The number one computer issue challenge most customers are willing to try is wireless home networking. Why not? The wireless router even comes with its own router setup instructions. The proof with this is that most customers will call us only after they’ve tried to set up a wireless network and failed. Other tech projects are not even attempted, but wireless router setups are attempted the most.
It’s not rocket science, and is definitely on the very easy scale of the tech difficulty barometer. I’m not going to teach you, step-by-step, how to set up a router. You will find these instructions in your router box or directed online to find these steps from your manufacturer. What I will teach you is what you can do to fix your wireless router if it flakes out.
Here are the top 5 wireless home networking tips:
- No wireless? Power cycle! Turn off your modem, router, and computer(s). Wait 5 minutes, then, turn on your modem, then router, and finally computers. 90% of wireless issues are fixed this way.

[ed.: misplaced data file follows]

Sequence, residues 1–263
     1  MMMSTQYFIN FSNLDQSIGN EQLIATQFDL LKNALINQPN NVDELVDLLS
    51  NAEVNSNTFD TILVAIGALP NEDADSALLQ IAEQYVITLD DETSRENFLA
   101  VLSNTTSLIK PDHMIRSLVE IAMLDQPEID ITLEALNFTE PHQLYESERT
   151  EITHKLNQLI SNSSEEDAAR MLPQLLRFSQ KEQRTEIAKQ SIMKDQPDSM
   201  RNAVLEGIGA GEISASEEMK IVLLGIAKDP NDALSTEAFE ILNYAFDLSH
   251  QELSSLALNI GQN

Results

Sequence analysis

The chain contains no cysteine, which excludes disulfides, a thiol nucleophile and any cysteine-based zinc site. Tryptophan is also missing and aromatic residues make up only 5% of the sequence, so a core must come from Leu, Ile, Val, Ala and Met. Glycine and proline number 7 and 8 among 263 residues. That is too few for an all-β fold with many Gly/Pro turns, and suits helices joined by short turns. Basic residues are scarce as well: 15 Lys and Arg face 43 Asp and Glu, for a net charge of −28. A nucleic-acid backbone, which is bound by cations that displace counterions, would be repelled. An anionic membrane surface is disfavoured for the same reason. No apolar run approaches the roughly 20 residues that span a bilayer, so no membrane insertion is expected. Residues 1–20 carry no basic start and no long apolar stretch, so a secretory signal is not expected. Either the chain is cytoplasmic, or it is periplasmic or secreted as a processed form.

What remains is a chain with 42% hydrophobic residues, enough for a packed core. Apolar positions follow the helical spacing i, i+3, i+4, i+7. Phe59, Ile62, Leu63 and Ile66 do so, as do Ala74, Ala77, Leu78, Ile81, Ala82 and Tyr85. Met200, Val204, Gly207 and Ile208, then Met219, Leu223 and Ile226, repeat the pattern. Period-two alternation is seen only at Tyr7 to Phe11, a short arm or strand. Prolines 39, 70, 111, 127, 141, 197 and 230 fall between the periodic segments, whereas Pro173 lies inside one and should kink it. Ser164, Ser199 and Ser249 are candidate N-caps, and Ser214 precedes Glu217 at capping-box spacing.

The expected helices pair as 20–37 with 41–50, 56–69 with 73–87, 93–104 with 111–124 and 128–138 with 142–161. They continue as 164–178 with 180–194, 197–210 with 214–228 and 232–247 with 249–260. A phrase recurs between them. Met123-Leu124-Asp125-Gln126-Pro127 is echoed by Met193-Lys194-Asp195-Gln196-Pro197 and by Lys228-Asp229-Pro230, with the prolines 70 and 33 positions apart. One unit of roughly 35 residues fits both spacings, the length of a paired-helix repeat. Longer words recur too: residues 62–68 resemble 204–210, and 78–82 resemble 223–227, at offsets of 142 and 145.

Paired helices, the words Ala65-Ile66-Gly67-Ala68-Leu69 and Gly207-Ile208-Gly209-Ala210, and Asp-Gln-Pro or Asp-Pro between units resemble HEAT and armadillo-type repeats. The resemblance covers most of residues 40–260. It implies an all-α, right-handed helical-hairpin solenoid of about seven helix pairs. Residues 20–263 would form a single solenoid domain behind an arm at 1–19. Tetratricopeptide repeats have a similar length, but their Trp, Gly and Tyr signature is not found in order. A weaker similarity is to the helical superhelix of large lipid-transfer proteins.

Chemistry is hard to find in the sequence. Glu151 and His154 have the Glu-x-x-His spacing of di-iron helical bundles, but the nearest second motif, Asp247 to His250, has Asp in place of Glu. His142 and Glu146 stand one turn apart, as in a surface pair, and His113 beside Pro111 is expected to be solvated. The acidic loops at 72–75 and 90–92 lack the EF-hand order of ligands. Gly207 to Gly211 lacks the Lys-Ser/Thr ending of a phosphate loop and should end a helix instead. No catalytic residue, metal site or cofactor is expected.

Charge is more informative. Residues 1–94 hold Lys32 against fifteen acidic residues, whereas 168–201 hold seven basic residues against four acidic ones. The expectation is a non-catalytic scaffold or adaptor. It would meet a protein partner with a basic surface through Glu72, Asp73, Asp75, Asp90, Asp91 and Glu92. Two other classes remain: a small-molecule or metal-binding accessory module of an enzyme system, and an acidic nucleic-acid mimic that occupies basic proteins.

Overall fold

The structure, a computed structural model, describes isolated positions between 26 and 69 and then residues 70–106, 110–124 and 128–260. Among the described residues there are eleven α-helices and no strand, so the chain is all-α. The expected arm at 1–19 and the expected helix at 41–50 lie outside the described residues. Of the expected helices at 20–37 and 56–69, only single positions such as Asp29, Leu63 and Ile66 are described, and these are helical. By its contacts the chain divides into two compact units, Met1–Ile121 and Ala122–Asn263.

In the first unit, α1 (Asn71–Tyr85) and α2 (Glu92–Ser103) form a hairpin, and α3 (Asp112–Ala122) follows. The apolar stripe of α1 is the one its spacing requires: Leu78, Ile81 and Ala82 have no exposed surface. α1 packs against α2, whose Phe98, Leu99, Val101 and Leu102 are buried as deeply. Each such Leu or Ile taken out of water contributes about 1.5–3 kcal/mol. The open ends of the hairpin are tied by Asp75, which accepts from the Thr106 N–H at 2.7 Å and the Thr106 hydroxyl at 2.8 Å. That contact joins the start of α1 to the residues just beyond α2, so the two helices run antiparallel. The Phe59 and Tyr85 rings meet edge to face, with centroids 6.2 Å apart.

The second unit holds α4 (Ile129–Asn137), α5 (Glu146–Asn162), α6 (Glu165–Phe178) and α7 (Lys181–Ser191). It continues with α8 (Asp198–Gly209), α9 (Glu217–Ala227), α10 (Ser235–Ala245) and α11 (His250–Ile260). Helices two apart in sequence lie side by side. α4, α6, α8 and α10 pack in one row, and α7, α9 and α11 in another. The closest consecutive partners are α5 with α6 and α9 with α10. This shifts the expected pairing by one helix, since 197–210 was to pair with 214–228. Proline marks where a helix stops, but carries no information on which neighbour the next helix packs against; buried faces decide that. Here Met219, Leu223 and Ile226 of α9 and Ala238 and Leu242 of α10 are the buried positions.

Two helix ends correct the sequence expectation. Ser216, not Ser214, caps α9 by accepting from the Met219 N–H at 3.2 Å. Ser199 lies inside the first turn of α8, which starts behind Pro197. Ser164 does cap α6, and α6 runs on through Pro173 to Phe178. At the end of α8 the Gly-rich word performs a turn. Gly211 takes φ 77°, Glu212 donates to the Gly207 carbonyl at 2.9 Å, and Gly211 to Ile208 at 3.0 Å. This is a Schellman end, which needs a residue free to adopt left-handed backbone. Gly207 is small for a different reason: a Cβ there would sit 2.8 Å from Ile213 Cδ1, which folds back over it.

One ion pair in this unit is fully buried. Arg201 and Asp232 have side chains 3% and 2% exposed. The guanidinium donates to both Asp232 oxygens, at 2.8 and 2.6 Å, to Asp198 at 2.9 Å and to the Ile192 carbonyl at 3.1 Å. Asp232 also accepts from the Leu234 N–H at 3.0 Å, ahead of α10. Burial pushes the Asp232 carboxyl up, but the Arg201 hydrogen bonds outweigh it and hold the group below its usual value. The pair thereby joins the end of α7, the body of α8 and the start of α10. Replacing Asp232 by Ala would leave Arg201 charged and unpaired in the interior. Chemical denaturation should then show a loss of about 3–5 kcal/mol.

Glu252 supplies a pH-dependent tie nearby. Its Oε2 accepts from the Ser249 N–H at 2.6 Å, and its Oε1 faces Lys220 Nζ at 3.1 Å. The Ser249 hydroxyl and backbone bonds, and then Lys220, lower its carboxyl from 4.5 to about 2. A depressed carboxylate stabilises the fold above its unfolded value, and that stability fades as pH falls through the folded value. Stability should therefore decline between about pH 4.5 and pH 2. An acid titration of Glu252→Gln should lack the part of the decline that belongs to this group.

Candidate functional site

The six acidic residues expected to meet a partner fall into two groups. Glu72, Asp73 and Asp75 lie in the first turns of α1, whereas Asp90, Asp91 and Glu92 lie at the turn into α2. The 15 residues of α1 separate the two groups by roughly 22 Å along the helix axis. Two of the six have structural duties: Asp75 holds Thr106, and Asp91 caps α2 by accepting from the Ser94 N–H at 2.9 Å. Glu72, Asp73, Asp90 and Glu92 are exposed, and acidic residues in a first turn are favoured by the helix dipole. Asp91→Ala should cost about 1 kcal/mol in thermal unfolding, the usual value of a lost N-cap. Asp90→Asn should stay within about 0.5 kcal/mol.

- Dead spots? Move your wireless router to a higher level. If no help, install an extender or high-gain antenna.
- Can’t remember the wireless password? Reset! Hold down the back button for up to 30 seconds or use a paperclip to reach the reset button. Then, follow the initial instructions to set up your router again.
- Wireless signal is much slower to all computers. Limit your DHCP clients so that neighbors will not steal your signal. You’ll find this Maximum Number of DHCP users within your router login screen.
- Random Internet drops. Step up to 5GHZ instead of the typical 2.4GHZ range to avoid interference. Also change the channel from 1 to 11 since neighboring routers operate at 1 by default which could cause wireless congestion.
If these wireless networking tips do not work, then you might have to replace your wireless router or modem. The best way to further approach this is to call your Internet Service Provider, i.e Verizon, or TimeWarner. If they say the signal is okay from their end, you know the problem is with your wireless router, cable, or configuration.